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  9. Chapter 16

    WASHINGTON — “Two weeks ago, Donald J. Trump said he could live with a nuclear-armed Japan and South Korea if it meant they could defend themselves against North Korea without American aid. “I’m not sure that would be a bad thing for us,” he said.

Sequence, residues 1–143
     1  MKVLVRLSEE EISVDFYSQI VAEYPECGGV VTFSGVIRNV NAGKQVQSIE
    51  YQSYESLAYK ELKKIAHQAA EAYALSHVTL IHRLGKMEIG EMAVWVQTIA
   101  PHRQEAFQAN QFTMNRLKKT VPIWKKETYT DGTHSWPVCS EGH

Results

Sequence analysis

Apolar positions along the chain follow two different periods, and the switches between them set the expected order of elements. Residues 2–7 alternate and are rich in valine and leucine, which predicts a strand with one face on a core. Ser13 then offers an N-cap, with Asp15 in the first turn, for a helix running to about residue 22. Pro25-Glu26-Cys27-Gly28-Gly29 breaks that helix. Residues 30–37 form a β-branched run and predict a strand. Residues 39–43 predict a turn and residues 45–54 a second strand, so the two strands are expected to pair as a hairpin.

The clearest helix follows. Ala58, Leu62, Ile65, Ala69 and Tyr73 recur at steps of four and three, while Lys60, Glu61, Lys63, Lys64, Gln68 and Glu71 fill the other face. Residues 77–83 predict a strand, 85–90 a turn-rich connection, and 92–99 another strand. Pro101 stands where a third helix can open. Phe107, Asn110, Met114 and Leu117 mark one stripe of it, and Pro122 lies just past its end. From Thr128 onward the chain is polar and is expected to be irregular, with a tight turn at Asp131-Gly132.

Since then he has changed his tune. After Japanese and South Korean officials raised fears of an Asian arms race, and President Obama ridiculed his remark, Mr. Trump began to say he did not actually want the two countries to obtain nuclear weapons — but that, because of American weakness, “at some point it could happen anyway. “It was not the first time Mr. Trump has hastily added deflating caveats to his headline-grabbing trial balloons. In a debate a month ago, he declared himself in favor of torture if it would extract information from terrorists, then issued a statement saying he would respect the law, then followed it up by saying that the law must be changed. In a television interview on March 30, he suggested that women who have illegal abortions should face “some form of punishment,” then reversed himself in another carefully worded statement, then suggested in an interview that abortion should remain legal, then effectively clicked “undo” with another written statement. In each case, Mr. Trump appeared to be seeking a sort of shelter somewhere between his original remark and the wave of objections it set off. ( The New York Times)